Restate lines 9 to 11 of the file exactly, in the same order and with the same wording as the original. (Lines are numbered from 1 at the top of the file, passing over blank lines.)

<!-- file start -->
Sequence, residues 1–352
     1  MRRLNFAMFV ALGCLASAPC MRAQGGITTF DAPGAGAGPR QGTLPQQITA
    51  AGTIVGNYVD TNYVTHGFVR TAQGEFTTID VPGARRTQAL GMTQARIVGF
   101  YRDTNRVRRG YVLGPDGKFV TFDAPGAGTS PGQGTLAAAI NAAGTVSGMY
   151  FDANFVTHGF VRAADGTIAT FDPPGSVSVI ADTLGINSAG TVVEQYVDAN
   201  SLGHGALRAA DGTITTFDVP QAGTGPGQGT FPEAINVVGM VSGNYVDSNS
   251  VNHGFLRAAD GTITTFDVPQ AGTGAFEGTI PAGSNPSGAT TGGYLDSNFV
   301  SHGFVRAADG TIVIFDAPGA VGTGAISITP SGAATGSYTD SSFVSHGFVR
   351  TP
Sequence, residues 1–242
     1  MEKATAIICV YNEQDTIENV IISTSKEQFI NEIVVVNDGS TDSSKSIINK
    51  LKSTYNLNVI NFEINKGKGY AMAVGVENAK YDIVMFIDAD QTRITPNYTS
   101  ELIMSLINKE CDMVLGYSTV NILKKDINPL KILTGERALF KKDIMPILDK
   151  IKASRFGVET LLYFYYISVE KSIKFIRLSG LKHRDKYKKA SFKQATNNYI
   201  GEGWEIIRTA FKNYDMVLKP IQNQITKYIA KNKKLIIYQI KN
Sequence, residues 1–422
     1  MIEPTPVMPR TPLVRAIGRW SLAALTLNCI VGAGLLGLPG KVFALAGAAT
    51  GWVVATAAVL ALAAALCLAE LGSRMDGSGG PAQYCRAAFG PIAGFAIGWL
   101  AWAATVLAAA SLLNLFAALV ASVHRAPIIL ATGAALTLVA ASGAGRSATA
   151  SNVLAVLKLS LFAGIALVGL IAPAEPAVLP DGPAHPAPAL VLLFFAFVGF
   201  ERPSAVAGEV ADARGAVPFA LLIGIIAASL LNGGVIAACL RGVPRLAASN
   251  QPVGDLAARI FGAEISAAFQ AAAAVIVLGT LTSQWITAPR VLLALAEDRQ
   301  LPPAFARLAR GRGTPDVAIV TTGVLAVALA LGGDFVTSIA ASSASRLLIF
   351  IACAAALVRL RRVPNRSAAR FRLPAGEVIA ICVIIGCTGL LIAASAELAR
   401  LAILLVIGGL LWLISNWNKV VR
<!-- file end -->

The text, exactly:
   351  TP
Sequence, residues 1–242
     1  MEKATAIICV YNEQDTIENV IISTSKEQFI NEIVVVNDGS TDSSKSIINK